Invasive tegu lizards continue to be sighted around South Carolina
Deadline for current owners to register captive animals is September 25, 2021
August 10, 2021
COLUMBIA, S.C. — The South Carolina Department of Natural Resources (SCDNR) continues to receive reports of wild and free-ranging non-native black and white tegus and has confirmed 13 sightings since the initial report from Lexington County in August of 2020.
Black and white tegus have been observed throughout the state, including in Greenville, Pickens, Darlington, Orangeburg, Berkeley, Richland and Lexington counties. More than half of these sightings have come from the Columbia area. Last week, two tegus were reported in Lexington and Richland counties. Including these, nine tegus have been successfully removed from the wild.
Due to the establishment of black and white tegus in Georgia and Florida, and the potential negative impacts they could have on native ground-nesting birds like turkey and quail, as well as other species such as the state-endangered gopher tortoise, black and white tegus and their hybrids were added to the list of “Restricted Non-native Wildlife” on May 28, 2021. These regulations prohibit tegus and their hybrids from being brought into South Carolina or reproduced here, and also require current owners to register all black and white tegus and hybrids with SCDNR by September 25, 2021. After this date, no unregistered black and white tegu may be possessed, and no tegu may be bought, sold or transferred in the state. Visit SCDNR’s tegu web page for more information on registration, including applications and FAQs.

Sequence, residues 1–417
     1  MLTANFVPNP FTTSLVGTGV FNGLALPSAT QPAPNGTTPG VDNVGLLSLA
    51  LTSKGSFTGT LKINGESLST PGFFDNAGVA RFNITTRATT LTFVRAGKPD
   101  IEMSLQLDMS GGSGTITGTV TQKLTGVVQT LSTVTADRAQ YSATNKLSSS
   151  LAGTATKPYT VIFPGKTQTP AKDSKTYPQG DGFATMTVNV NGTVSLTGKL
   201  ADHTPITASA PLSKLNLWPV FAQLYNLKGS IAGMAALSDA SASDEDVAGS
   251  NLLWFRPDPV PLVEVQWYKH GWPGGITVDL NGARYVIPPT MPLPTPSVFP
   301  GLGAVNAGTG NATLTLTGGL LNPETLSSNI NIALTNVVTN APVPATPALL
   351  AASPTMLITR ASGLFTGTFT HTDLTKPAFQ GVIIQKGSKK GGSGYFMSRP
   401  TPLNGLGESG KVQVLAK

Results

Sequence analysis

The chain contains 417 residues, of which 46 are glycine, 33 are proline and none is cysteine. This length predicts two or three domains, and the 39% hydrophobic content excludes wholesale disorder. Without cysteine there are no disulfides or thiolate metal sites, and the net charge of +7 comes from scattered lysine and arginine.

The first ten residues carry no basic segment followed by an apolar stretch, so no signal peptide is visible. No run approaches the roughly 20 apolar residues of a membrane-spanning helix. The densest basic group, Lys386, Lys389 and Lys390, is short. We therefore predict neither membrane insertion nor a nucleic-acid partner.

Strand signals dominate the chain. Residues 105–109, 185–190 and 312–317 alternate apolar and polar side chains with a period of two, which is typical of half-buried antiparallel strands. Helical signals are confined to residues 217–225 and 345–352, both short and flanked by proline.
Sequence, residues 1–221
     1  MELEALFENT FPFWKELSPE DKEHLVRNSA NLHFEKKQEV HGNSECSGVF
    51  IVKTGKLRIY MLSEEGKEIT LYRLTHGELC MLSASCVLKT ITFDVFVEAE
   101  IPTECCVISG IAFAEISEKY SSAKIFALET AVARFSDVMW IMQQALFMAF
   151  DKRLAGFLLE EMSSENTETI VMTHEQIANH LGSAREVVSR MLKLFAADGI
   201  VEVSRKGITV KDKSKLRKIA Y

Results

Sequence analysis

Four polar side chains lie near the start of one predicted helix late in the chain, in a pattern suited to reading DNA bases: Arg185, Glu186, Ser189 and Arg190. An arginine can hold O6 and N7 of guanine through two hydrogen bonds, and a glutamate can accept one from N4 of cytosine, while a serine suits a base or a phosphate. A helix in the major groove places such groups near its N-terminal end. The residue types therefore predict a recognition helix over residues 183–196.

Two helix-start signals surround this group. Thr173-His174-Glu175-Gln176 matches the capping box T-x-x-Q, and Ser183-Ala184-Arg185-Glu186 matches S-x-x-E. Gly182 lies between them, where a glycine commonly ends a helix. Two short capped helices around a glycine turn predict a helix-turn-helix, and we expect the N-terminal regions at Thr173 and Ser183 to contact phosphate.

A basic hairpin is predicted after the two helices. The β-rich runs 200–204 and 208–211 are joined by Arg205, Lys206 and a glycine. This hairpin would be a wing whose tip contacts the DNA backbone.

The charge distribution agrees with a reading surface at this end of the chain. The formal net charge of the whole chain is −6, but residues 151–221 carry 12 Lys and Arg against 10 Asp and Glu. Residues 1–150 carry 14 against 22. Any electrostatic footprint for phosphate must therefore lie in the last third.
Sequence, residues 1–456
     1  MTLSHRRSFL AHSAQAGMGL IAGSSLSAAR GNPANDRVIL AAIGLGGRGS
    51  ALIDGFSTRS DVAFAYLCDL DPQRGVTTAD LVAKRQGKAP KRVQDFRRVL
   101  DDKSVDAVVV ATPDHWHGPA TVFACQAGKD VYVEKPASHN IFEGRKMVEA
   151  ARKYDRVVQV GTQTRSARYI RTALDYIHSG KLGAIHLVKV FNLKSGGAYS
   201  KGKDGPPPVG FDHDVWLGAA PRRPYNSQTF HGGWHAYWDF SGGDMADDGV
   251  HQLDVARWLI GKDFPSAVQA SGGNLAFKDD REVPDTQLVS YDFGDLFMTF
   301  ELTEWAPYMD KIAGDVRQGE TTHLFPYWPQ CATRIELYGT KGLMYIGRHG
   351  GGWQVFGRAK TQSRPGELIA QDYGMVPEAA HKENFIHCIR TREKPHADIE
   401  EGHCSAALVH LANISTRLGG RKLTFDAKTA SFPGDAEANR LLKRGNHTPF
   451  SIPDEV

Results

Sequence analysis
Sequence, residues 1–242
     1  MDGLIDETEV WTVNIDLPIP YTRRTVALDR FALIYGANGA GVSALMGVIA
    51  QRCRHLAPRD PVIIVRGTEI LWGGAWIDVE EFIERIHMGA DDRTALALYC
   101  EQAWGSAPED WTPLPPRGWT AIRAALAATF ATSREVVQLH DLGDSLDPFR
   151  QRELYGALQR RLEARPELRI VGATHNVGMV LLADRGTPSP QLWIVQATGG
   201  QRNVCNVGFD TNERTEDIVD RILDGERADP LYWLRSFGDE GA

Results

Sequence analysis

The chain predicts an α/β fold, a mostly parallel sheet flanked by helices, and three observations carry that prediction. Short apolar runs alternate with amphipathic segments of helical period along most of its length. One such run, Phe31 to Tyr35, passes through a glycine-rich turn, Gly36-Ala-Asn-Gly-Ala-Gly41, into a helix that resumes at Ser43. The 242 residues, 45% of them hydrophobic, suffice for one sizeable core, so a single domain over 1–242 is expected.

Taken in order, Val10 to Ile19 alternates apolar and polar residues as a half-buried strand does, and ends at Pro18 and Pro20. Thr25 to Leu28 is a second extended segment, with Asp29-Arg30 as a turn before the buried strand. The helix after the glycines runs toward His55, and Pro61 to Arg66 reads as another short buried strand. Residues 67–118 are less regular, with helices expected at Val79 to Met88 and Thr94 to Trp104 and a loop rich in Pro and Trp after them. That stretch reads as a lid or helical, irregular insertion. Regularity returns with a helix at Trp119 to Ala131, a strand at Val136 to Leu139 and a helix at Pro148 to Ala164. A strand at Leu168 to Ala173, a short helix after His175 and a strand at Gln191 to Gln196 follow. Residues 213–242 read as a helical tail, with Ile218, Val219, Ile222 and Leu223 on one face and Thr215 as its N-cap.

SCDNR appreciates the continued willingness of South Carolinians to provide information to protect our native wildlife and prevent the establishment of non-native species, like black and white tegus. SCDNR continues to investigate all reports and asks that any sightings be reported to SCDNR biologist Andrew Grosse, firstname.lastname@example.org. Sightings can also be reported online. Whenever possible, please submit a photo, location, and time and date the animal was seen.
As a non-native species, tegus in South Carolina are not protected by state wildlife laws or regulations and should be removed from the wild.